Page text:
In a season of slaughter of sacred cows, this is one prize bull that remains protected behind an electric fence. The government will not allow journalists to engage it as an equal party. Therefore, any reader who expects ST to do a Durai on the government would be harbouring quite unrealistic expectations.
Still, between the extremes of a propaganda mouthpiece and an adversarial press – neither of which the government wants – there should be space for ST to play a more active role as part of Singapore’s transparency system.
There may be merit in the principle that elected officials need to be able to carry out their mandate without excessive obstruction by an unelected institutions. However, there is always a risk that this principle is translated by officials on the ground into self-serving secrecy and we-know-best condescension when they deal with reporters.
The NKF case was instructive. No matter how worthy an institution’s mission, it is dangerous for individuals in charge to equate themselves with the institution. Observing the NKF case, there is little doubt that the organization would have been better off in the long run if its chief had been able to distinguish between his individual stature and his institution’s reputation. Personal ego and private interest can block healthy scrutiny that is good both for the institution and for the public at large.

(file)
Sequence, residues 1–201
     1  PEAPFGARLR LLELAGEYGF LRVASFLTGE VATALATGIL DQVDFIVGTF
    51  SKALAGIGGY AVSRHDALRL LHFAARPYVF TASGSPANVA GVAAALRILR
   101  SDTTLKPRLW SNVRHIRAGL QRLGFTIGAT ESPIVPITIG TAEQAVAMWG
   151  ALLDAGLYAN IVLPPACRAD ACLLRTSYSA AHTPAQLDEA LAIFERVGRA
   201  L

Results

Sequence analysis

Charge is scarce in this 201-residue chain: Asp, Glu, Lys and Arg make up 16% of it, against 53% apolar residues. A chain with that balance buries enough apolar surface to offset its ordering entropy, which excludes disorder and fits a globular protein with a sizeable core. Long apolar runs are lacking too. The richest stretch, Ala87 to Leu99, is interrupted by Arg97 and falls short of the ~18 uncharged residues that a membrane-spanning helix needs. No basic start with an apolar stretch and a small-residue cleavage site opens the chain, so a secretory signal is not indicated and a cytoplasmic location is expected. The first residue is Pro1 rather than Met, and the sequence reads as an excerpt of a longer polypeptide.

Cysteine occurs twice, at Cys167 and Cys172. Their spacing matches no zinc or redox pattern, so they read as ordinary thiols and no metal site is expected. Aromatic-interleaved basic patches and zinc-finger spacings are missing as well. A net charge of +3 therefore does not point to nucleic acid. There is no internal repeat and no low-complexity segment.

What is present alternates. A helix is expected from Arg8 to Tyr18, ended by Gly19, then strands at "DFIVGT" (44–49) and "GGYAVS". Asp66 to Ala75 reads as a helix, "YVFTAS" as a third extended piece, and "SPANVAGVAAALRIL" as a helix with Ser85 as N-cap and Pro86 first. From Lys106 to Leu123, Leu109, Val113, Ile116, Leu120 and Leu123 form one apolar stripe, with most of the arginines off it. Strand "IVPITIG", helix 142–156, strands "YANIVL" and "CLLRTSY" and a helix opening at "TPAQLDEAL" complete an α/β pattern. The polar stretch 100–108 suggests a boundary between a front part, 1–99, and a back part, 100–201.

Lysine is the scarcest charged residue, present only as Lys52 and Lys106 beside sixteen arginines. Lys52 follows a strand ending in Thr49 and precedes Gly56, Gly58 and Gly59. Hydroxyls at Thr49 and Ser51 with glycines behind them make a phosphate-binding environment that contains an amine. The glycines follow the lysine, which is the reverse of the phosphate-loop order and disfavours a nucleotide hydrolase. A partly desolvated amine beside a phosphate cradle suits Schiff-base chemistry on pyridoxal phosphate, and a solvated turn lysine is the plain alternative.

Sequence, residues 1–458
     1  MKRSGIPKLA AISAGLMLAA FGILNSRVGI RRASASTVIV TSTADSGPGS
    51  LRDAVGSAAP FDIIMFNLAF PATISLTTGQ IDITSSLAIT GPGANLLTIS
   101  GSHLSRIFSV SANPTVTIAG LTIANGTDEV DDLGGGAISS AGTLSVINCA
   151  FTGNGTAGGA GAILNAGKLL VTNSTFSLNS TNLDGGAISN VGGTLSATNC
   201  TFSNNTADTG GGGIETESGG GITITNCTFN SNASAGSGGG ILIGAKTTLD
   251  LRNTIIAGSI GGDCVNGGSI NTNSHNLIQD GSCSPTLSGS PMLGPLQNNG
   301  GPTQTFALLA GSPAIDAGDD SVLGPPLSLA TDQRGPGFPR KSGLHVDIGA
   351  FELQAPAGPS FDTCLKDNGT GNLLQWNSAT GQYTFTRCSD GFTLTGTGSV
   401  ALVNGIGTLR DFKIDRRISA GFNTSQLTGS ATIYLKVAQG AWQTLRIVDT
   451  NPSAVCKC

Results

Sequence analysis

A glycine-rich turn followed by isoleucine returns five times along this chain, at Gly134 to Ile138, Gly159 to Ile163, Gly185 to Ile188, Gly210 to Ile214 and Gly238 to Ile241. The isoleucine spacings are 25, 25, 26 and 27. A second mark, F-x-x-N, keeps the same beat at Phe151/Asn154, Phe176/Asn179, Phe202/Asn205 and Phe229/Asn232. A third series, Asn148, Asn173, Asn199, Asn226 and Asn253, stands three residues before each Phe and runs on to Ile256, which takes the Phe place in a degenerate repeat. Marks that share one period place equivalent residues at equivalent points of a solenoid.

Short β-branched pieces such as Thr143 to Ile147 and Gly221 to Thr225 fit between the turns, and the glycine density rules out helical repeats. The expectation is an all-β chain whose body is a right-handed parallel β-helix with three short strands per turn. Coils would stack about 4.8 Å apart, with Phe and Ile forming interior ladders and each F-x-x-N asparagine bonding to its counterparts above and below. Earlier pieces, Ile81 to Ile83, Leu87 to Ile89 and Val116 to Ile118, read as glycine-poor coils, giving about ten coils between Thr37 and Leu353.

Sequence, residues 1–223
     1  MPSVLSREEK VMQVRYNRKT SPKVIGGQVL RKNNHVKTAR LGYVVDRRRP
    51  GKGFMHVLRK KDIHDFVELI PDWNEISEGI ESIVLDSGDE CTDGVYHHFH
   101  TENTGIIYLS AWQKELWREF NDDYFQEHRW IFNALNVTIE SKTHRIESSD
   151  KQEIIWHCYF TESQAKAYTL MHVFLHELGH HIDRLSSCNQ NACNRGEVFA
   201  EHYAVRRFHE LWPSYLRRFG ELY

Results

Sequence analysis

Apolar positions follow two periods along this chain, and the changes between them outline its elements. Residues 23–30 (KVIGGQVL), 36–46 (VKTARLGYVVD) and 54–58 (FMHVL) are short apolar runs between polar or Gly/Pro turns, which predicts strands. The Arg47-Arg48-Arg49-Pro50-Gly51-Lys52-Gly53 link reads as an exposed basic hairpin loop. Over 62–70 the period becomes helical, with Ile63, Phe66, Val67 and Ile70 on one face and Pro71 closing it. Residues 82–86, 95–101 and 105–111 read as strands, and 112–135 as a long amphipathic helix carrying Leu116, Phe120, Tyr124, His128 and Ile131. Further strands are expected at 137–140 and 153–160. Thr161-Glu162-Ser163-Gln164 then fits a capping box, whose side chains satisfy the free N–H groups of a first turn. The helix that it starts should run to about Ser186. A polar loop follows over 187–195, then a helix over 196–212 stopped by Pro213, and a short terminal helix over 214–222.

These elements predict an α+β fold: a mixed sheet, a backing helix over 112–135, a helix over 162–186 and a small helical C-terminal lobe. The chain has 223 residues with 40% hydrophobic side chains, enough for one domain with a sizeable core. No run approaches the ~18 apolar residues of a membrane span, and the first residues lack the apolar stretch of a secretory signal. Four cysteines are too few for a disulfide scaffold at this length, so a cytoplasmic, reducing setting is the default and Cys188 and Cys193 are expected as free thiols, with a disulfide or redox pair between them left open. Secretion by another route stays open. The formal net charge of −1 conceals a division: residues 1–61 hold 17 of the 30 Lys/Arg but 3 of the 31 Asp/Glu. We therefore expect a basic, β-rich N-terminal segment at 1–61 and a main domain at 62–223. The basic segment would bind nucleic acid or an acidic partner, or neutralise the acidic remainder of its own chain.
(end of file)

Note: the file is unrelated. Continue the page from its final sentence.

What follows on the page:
The PAP’s argument has been that it will be hard to induct able people into public service if they are treated as roughly as officials elsewhere, and that, besides, respect for people in authority is part of our Asian culture. However, if officials are too thin-skinned, poor judgment and policy errors may be left unexamined and uncorrected for longer than they should.
If the national press is to take on a heavier burden in Singapore’s transparency system, the experience of other countries also warns us to be wary of the press becoming too powerful. The government has nothing to worry about, since press laws are overwhelmingly in favour of the state. However, private organizations and individuals do need to be assured that they will not be victims of journalistic excess, backed by one of Singapore’s most powerful corporations.
The ST has tried to demonstrate that it acted responsibly and not recklessly in methodically investigating the NKF story last year, and that its reporting of the lawsuit and its fallout has been vindictive. Such assurances will continue to be necessary if indeed ST plays a greater investigative role.
Other countries have mechanisms such as press councils, ombudsmen and right of reply to protect the public against irresponsible journalism. None of these can be 100 percent effective, but they certainly help to increase the media’s level of accountability to citizens.
Such is the way forward, if Singapore is to draw lessons from the NKF case for the role of the press. Most Singaporeans would probably feel more at ease if they knew that the press was on their side, probing possible misdeeds of public institutions, asking tough questions, and keeping important issues on the agenda. The Singapore press has always done some of this, within limits tightly circumscribed by the government.
Through the NKF affair, Singaporeans were shown what public affairs would be like if those limits on the press were not so constraining. The spectacle would have alarmed anyone with something to hide, but should be welcomed by healthy public institutions that recognise greater transparency as part of the formula for continued good government.
NOTE: The Straits Times declined to publish this piece.